Postpartum, or postnatal, depression affects a significant proportion of women after they have had a baby. It usually develops in the first four to six weeks after childbirth, although in some cases it may not develop until several months later.

Symptoms of postpartum depression include low mood, fatigue, anxiety, irritability, feeling unable to cope and difficulty sleeping, but it is often undetected and commonly under-diagnosed. It is important for postpartum depression to be recognized as soon as possible so treatment can begin.

Studies report that postpartum depression affects somewhere between one in 20 and one in four mothers. It is distinct from the so-called “baby blues,” which is a transitory state of tearfulness suffered by about half of postnatal women within about three to four days of birth. Baby blues tends to last from a few hours to several days, and there is no established link to a higher likelihood of postpartum depression.

Many people believe that postpartum depression (PPD) is caused by changes in hormone levels during and shortly after pregnancy, but this idea is disputed by some experts. Other possible triggers include inability to breastfeed (if it was hoped for), a history of depression, abuse, or mental illness, smoking or alcohol use, fears over child care, anxiety before or during pregnancy, background stress, a poor marital relationship, a lack of financial resources, the infant’s temperament or health problems such as colic, and especially lack of social support.

Genes may also play a role in predisposing women to postpartum depression. In a recent study, researchers investigated whether susceptibility can be explained by certain genetic variants. Elizabeth Corwin, PhD, of the University of Colorado-Denver, looked at three categories of genes known to code for proteins associated with depression in the general population.

But they found that “the contribution of genetic polymorphisms to the development of postpartum depression” remains unclear. “Much more research is required to understand the heritability of postpartum depression,” they write.

Clearer results have been found in studies of brain chemistry following birth. A team from the University of Toronto, Canada, explains that estrogen levels drop 100- to 1000-fold in the days following birth. Changes in estrogen levels are associated with levels of an enzyme called monoamine oxidase A (MAO-A).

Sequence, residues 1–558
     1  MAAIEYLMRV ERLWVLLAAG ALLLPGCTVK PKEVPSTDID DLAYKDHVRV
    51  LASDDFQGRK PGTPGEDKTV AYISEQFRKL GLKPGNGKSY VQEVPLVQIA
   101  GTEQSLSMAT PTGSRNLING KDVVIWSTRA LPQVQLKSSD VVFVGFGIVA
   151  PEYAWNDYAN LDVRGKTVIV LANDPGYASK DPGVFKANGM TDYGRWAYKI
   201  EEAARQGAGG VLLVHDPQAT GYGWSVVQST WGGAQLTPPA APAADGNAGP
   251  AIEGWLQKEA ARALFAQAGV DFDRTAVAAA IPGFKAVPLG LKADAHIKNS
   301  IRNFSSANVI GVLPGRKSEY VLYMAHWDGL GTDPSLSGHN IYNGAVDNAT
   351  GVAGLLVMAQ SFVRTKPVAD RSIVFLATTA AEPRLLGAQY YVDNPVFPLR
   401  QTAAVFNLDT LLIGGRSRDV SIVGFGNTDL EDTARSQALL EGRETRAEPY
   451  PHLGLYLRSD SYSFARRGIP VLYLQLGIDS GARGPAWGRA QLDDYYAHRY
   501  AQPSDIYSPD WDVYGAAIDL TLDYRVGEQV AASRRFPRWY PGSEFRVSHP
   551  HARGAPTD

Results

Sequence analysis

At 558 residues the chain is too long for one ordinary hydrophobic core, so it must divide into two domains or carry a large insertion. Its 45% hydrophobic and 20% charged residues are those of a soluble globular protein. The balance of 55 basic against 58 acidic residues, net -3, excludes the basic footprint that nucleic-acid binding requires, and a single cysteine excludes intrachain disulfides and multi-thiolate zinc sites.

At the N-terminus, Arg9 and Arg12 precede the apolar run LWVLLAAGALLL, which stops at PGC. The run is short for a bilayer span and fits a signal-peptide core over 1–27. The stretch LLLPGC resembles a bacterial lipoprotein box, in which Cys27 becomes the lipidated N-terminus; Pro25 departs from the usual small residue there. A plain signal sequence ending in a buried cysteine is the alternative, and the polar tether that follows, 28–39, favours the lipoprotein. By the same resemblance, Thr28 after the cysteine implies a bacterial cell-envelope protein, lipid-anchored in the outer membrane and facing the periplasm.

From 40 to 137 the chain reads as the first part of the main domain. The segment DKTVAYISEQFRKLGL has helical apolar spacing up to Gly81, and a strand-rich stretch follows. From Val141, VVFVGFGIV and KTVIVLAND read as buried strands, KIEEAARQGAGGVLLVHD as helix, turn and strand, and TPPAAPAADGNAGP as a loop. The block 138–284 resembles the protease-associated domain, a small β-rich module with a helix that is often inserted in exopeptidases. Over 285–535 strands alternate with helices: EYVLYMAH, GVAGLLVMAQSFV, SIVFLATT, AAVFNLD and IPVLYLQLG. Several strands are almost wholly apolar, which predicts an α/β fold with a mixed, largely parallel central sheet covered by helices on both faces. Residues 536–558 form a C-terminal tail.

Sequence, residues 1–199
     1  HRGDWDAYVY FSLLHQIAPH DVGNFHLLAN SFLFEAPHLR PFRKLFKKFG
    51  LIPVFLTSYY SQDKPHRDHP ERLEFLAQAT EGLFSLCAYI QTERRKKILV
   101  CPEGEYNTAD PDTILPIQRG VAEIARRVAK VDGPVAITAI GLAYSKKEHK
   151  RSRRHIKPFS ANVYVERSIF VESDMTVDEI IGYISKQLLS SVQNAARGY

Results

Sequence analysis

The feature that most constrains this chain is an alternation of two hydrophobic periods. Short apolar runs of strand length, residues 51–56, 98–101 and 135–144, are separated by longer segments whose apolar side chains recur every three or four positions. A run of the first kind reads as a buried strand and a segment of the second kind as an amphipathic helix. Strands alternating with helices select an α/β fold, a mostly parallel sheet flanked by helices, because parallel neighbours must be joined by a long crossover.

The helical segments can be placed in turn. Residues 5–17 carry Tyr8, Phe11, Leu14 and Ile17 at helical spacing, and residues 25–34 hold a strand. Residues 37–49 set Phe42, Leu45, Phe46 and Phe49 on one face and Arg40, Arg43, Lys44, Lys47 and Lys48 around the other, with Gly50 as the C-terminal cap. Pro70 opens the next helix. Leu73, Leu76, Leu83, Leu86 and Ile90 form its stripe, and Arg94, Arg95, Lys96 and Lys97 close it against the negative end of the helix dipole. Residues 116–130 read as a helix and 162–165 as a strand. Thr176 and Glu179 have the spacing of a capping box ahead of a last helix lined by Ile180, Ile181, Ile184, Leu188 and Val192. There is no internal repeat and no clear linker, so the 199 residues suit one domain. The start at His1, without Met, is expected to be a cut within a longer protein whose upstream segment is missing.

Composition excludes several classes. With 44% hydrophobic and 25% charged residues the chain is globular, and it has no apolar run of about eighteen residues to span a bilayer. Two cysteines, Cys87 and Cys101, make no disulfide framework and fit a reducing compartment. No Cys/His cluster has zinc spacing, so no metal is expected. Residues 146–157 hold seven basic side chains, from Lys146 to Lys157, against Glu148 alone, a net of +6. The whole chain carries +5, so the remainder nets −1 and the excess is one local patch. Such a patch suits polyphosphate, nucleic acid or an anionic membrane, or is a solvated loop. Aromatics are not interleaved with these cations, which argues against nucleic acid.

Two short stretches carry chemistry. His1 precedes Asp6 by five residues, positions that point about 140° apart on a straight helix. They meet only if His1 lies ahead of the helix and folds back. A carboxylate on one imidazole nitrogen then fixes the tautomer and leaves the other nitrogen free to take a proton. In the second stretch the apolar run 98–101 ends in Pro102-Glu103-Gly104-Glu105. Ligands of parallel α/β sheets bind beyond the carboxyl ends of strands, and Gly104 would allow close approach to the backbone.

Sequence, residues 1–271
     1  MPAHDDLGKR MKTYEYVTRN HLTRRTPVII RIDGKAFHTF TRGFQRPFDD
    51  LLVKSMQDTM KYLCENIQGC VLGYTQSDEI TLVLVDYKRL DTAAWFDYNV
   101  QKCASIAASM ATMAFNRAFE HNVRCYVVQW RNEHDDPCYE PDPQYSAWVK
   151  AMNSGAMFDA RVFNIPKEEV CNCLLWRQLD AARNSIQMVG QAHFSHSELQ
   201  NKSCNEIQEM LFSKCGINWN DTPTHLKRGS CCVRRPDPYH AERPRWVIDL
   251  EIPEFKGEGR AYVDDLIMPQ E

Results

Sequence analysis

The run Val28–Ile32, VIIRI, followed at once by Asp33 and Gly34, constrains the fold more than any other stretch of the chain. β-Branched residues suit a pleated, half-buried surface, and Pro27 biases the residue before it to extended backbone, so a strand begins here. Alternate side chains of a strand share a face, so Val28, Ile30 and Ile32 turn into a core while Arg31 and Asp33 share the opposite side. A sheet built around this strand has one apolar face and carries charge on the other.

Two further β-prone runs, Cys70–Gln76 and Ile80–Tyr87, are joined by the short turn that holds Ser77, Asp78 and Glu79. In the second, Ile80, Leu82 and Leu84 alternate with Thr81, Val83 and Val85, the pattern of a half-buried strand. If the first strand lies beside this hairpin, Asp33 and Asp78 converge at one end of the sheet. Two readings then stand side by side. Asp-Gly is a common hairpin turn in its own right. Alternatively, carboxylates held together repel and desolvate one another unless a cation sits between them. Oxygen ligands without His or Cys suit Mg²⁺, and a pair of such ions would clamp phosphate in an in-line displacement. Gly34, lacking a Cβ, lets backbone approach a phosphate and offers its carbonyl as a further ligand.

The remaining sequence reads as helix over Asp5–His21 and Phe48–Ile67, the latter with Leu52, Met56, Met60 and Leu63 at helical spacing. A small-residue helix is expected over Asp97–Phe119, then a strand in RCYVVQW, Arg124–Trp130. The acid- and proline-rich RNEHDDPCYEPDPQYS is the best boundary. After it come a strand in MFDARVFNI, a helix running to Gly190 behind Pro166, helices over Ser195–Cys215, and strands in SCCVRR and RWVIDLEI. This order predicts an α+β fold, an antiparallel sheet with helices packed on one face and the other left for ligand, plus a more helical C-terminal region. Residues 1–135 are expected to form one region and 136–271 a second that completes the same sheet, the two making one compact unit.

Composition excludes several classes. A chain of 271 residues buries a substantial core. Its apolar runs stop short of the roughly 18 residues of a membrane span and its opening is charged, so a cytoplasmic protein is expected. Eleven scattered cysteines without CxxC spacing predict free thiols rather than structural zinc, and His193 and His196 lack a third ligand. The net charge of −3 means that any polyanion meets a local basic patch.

The team measured MAO-A in the brain among 15 women at four to six days after birth. They saw that, “MAO-A total distribution volume was significantly elevated (by a mean of 43 percent) throughout all analyzed brain regions” compared with 15 comparison women.

They believe this mechanism could contribute to mood changes. “Our model has important implications for preventing postpartum depression and for developing therapeutic strategies that target or compensate for elevated MAO-A levels during postpartum blues,” they conclude.

Sleep, or lack thereof, has often been put forward as a possible trigger for postpartum depression. Researchers at the University of Melbourne in Australia investigated the link. They measured sleep and mood during the third trimester of pregnancy and again a week following birth, in 44 women at low risk for postpartum depression.

“After delivery, both objective and subjective night-time sleep significantly worsened with decreased total sleep time and sleep efficiency,” they report, “while daytime napping behavior significantly increased.”

Just under half (46 percent) of the women experienced a deterioration in mood, linked to subjective night-time sleep, sleep-related daytime dysfunction, and daytime napping behavior. “The perception of poor sleep, and the conscious awareness of its impact during wake-time, might share a stronger relationship with the occurrence of immediate postpartum mood disturbances than actual sleep quality and quantity,” they conclude.

Last year, experts reviewed the reliable evidence on the link between postpartum depression and diet. They write, “One biological factor given increasing consideration is inadequate nutrition. Credible links between nutrient deficiency and mood have been reported for folate, vitamin B-12, calcium, iron, selenium, zinc, and n-3 fatty acids.”

The n-3 essential fatty acids have received the most attention, they explain. “Numerous studies have found a positive association between low n-3 levels and a higher incidence of maternal depression,” they report. “In addition, nutrient inadequacies in pregnant women who consume a typical Western diet might be much more common than researchers and clinicians realize. Depletion of nutrient reserves throughout pregnancy can increase a woman’s risk for maternal depression,” they conclude.

Overall, the factors that put women at higher risk for postnatal depression are similar to those that put people at higher risk for depression at other times. Despite all of the research, PPD can start for no obvious reason, and conversely, a woman with any of these factors will not definitely have postpartum depression.

Sheila M. Marcus, MD, of the University of Michigan urges health care providers to assess risk for postpartum depression before or during pregnancy, and discuss the subject with the mother. “Routine depression screening, particularly at prenatal care visits, is paramount,” she states.

“Once a woman experiences postpartum depression, she is at risk for depression relapses with or without additional pregnancies,” she writes, adding: “Antidepressant treatments, interpersonal therapy, and behavioral treatment are often helpful strategies.”